Main content area

The influence of ecological knowledge on biodiversity conservation policies: A strategic challenge for knowledge producers

Coreau, Audrey, Guillet, Fanny, Rabaud, Suzanne
Journal for nature conservation 2018 v.46 pp. 97-105
advocacy, biodiversity, biodiversity conservation, case studies, decision making, environmental knowledge, expert opinion, issues and policy, nongovernmental organizations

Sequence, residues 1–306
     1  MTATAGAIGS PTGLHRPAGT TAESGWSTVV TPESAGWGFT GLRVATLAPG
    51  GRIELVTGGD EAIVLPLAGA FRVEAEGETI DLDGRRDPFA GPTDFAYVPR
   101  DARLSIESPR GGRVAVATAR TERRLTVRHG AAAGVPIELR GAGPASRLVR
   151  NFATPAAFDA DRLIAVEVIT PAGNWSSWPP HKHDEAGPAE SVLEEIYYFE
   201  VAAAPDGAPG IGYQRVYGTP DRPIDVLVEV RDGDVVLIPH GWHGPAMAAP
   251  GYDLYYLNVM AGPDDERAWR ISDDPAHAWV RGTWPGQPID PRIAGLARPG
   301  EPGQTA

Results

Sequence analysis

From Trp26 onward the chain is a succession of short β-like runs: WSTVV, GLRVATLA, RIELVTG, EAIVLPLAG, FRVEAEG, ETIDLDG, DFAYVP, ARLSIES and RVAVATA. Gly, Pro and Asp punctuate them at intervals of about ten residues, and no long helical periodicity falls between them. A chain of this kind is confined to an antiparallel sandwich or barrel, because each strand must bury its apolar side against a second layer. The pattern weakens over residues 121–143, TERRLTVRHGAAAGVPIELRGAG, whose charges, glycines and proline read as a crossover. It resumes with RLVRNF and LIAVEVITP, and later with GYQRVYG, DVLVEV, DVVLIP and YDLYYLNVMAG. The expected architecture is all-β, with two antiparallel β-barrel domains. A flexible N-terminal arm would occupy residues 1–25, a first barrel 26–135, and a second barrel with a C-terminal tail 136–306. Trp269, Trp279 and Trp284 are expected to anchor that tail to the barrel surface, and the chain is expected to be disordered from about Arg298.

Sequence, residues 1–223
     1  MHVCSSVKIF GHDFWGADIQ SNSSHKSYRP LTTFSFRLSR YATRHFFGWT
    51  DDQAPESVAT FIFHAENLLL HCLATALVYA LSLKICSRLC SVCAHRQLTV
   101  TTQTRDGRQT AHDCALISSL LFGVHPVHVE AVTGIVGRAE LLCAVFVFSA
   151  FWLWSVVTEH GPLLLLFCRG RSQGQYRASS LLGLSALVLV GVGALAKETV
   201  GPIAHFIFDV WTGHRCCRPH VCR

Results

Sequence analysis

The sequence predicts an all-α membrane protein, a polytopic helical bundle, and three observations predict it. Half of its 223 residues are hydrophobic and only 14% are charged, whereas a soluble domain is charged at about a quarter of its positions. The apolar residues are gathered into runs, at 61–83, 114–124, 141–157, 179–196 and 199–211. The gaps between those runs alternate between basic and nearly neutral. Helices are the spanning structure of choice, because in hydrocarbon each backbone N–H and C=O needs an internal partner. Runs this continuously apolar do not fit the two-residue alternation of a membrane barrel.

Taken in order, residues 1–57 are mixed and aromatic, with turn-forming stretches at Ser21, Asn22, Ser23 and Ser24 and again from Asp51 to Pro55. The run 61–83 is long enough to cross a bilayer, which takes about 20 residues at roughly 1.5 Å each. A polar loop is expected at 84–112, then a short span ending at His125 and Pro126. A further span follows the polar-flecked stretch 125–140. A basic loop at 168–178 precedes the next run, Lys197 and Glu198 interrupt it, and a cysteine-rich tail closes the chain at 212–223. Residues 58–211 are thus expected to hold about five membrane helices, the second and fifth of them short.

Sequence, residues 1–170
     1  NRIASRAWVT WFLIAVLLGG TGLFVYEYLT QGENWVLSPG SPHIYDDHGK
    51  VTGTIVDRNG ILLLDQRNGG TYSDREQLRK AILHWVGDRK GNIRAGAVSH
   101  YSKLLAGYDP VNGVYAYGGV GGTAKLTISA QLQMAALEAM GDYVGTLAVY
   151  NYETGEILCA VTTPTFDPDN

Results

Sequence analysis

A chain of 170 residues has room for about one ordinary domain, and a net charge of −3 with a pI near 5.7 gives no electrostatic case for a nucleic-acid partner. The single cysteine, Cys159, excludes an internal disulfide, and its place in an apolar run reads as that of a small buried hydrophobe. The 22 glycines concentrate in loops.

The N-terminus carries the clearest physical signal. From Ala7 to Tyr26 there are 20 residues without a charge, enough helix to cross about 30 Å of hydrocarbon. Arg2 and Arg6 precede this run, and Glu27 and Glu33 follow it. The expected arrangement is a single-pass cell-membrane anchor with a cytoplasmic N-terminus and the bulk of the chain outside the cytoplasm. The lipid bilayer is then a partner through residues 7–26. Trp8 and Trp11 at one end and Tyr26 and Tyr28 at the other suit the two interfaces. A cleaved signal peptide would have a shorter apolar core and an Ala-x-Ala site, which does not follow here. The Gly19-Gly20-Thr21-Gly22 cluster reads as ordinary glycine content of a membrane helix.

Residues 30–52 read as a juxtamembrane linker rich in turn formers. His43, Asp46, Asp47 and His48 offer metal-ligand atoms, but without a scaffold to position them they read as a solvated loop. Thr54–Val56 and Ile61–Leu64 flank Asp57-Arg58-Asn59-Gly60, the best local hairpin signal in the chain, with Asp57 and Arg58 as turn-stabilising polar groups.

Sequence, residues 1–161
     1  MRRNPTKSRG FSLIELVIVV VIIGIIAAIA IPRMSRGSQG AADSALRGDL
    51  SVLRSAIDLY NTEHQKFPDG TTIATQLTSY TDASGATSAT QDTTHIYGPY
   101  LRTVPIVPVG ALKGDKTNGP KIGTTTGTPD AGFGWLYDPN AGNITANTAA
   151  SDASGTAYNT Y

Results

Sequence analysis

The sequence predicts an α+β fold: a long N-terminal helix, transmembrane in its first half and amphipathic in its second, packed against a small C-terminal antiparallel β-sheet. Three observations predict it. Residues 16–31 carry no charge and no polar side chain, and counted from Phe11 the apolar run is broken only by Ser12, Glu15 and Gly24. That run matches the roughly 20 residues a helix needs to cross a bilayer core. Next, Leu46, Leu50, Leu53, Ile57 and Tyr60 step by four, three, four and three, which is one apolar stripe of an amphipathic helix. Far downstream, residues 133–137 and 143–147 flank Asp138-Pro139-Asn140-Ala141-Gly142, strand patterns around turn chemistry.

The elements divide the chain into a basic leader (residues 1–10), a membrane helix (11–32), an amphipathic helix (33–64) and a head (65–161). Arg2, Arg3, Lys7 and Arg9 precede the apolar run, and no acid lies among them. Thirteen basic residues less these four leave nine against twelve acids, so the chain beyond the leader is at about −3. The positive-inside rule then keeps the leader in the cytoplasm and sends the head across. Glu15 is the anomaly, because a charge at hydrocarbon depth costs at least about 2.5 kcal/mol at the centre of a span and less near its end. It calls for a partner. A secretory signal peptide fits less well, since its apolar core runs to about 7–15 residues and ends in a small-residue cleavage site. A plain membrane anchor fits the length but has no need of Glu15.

Within a context marked by widespread biodiversity decline, researchers in ecology often express their willingness to contribute to the definition of new policy solutions. However, producing ecological knowledge and making research results available for decision makers cannot guarantee by itself that conservation policies will be improved. Knowledge producers have to develop robust strategies to make their expertise count in public decision-making. In the implementation of such strategies, ecological knowledge is a critical resource that can be used to support ambitious environmental initiatives. To bring some new insights for researchers and practitioners, we therefore analysed different tactics for the production and use of knowledge to improve biodiversity conservation. Our case study involved two organisations, an ecology research team and a conservation NGO. Both of them adopted a proactive knowledge-based strategy in an attempt to directly influence biodiversity conservation. Their scientific and expert knowledge was partially taken into account in the definition and implementation of public conservation policies. However significant progress was achieved only when they developed a strong advocacy in favour of biodiversity conservation in addition to knowledge production. Finally, we show that knowledge producers can adopt three knowledge-based tactics to improve biodiversity conservation − bridging the knowledge gap, complying with a scientific imperative or helping to prevent an environmental decline. The effectiveness of such strategies depends on their adequacy to the local decision context.